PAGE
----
June 26, 2013
Responding to International Chemical, Biological, Radiological, and Nuclear Incidents
On June 20, the National Academy of Sciences hosted a workshop to discuss ways to improve the U.S. government's assistance in responding to a chemical, biological, radiological, or nuclear incident that might occur elsewhere in the world.
Among the speakers was Major General Julie Bentz, director of Strategic Capabilities Policy at the White House, who spoke about lessons learned from the U.S. government response to the earthquake, tsunami, and nuclear reactor accident that Japan faced in 2011. The scale and breadth of the Fukushima disaster highlighted a need here in the U.S. for better mechanisms to coordinate activities among federal agencies to ensure that the right resources can be mobilized in a timely way without duplication or gaps.
Paul Stockton, president of Cloud Peak Analytics and former assistant secretary of defense, stressed the need to take not just a whole-of-government approach to these incidents, but a "whole of nation" approach -- in other words, a need to marshal resources from beyond federal agencies during a response. "We're making terrific progress … in building federal capabilities to support partner nations when they request our assistance," Stockton said. "I think we're nowhere near [as] far along in bringing U.S. state capabilities to bear." He noted, too, that the U.S. hasn't begun to tap into the tremendous capabilities of the private sector that could be harnessed during a response.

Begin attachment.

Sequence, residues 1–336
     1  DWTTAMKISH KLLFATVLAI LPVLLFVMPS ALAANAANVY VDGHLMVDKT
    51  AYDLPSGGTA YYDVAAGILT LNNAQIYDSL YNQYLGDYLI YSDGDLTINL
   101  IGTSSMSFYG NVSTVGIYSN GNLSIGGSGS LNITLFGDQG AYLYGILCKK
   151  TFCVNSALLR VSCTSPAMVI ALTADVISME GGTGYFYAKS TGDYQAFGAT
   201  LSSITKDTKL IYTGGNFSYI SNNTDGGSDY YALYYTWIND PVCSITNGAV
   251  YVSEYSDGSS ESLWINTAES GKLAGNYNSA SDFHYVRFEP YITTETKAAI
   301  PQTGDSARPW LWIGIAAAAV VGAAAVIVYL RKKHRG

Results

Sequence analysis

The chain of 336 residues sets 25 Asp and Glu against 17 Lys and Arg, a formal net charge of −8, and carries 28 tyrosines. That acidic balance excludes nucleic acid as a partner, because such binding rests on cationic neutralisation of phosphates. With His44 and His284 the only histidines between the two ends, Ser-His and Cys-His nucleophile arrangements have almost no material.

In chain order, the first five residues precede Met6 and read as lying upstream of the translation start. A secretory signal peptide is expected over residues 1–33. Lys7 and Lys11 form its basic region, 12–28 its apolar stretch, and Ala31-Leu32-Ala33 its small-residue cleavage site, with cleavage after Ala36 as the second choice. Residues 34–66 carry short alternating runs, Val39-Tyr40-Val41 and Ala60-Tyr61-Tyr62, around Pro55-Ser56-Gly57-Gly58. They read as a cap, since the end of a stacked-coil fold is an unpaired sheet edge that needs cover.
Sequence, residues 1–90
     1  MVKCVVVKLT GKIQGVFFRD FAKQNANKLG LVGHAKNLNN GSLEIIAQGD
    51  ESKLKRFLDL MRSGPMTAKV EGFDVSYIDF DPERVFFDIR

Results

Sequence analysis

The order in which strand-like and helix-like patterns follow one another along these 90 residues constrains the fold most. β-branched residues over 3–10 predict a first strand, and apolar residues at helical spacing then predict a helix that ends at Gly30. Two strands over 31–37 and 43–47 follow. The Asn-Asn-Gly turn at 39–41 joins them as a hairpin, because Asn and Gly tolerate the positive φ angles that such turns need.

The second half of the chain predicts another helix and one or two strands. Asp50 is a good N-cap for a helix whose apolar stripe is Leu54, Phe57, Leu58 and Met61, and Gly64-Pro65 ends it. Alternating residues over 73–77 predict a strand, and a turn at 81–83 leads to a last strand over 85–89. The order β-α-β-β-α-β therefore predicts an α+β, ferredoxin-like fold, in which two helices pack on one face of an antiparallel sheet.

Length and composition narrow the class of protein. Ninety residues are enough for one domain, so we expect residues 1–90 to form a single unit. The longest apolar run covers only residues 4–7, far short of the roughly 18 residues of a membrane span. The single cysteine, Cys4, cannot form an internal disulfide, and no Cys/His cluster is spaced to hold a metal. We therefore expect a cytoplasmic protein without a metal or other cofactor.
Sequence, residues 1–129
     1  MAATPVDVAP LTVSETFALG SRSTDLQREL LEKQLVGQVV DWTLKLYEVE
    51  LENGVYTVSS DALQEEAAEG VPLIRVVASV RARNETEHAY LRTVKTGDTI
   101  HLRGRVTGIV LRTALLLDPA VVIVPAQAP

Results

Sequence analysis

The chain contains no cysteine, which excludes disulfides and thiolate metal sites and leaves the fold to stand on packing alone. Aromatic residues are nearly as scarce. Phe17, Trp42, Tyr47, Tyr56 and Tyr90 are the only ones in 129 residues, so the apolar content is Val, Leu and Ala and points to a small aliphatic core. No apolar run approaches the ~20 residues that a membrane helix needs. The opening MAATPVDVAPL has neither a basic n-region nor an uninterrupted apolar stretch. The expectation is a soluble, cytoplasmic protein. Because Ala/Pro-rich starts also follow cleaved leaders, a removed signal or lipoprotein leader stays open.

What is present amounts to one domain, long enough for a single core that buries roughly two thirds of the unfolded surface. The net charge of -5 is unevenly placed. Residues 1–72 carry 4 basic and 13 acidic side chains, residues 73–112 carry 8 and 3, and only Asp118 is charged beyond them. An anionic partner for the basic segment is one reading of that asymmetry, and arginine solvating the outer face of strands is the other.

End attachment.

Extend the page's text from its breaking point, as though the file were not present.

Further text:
The science adviser to the Cabinet of Japan, Kiyoshi Kurokawa, who chaired an independent commission that investigated the disaster at the Fukushima Daiichi nuclear power plant, discussed some of the lessons learned from the accident. In noting that "machines break, accidents happen, and humans err," Kurokawa highlighted the need to build resilience to extreme events and a need for transparency and accountability in decision making.
Overall, the workshop's speakers and participants identified a vast network of existing resources -- within and outside of the U.S. government -- that can be brought to bear on response efforts for these incidents. This workshop opened a conversation about response to these incidents that will continue in the United States and abroad.
Watch these and other presentations by viewing the archived webcast.